What are the Gs all about? Basically, these designations refer to different generations of mobile
telephone services, new ones which come along about every ten years. 3G, which is the one most widely used today, is the
International Telecommunication Union (ITU) standard for third generation mobile telephone systems
under the International Mobile Telecommunications programme, IMT-2000. Analog cellular was the
first generation, digital PCS was the second. Along with W-CDMA, 3G was the big rage in the
late 90's, with proponents announcing that it was the Killer Wireless Application because of its ability to simultaneously
transfer voice data (the phone call) and other non-voice data such as music, photographs, video, email,
instant messaging, and information downloads. 3G networks use a variety of wireless network technologies, including GSM,
CDMA, TDMA, WCDMA, CDMA2000, UMTS and EDGE, and this leads to some confusion as well as a great deal of flexibility.
3G implementation was slower than initially anticipated, however, because of the cost of upgrading equipment and
licensing fees for additional spectrum. The earlier, 2G networks didn't typically
use the same frequencies as 3G (except in the United States), and licensing fees, particularly in
Europe, were extremely expensive. Only Japan and South Korea were able to implement this technology
quickly, largely because of the high level of government support for new infrastructure advances. In
Japan, by the end of 2006 the majority of customers were on 3G and upgrades to the next stage,
3.5G (with 3 Mbit/s data rates), were underway. Implementation in the rest of the world is coming along,
but at a slightly slower pace. In December 2007, 190 3G networks were operating in 40 countries, with 200 million
subscribers, and those figures have increased since then -- but there are 3 billion mobile phone subscriptions worldwide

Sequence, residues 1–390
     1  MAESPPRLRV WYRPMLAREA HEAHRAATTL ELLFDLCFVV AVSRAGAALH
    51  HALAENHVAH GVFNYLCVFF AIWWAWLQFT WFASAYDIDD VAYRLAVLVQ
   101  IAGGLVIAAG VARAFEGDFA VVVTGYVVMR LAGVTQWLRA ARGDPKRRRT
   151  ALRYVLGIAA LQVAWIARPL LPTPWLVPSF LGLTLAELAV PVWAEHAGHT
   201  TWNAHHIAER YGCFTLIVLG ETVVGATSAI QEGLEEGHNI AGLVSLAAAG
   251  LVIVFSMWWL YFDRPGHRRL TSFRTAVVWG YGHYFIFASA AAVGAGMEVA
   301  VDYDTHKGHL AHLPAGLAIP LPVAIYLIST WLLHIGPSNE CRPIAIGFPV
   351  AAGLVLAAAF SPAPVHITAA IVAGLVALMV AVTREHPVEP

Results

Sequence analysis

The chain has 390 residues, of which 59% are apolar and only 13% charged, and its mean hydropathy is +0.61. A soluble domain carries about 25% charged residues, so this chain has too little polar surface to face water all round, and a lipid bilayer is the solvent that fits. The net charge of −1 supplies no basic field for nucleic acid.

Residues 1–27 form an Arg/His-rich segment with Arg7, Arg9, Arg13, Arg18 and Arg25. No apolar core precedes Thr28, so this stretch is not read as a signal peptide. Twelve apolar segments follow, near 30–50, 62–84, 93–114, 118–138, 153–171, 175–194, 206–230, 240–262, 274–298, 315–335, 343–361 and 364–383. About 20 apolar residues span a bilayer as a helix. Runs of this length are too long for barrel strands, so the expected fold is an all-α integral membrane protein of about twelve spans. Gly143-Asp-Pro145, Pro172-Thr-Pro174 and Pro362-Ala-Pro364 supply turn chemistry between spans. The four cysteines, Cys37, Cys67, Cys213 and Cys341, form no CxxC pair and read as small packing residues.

so we can expect to see different parts of the world operating on different standards for years to come.
You may also see terms like 3.5G (or 3.75, 3.9 etc. -- almost there) and 4G (the latest and greatest on the horizon). In fact, as early as 2008 we started seeing the transition
towards 4G services. The standard for 4G, however, wasn't finalized by the ITU-R until 2009, setting peak speed requirements for 4G service at 100 Mbit/s
for high mobility communications (such as from trains and cars) and 1 Gbit/s for low mobility communication (e.g., stationary users and pedestrians).
Not all devices and networkds marketed as 4G actually meet the requirements of the standard. On December 6, 2010, ITU declared that
current versions of Long-Term-Evolution (LTE), mobile WiMax and other evolved 3G technologies that do not fulfill all the requirements of the standard can still be considered as
4G, as long as they provide clear forerunners to the full IMT-Advanced requirements and represent 'a substantial level of improvement in performance and capabilities with
respect to the initial third generation systems now deployed.' As the deployment of 4G, like earlier generations, will involve the complete
replacement of existing handsets and networks, it will also take many years for implementation.
Candidate 4G systems replace CDMA spread spectrum radio technology used in 3G systems and IS-95 with
wide channel OFDMA and Single Carrier FDMA (SC-FDE) technologies, MIMO transmission and an all-IP based architecture. There are a number of different technologies under development as well as
different standards for these technologies.
For ease of reference, we've combined information on all the "Gs" on this page.
The articles, resources, references and links below may help you through this maze of alphabet soup, jargon, acronyms
and confusing standards!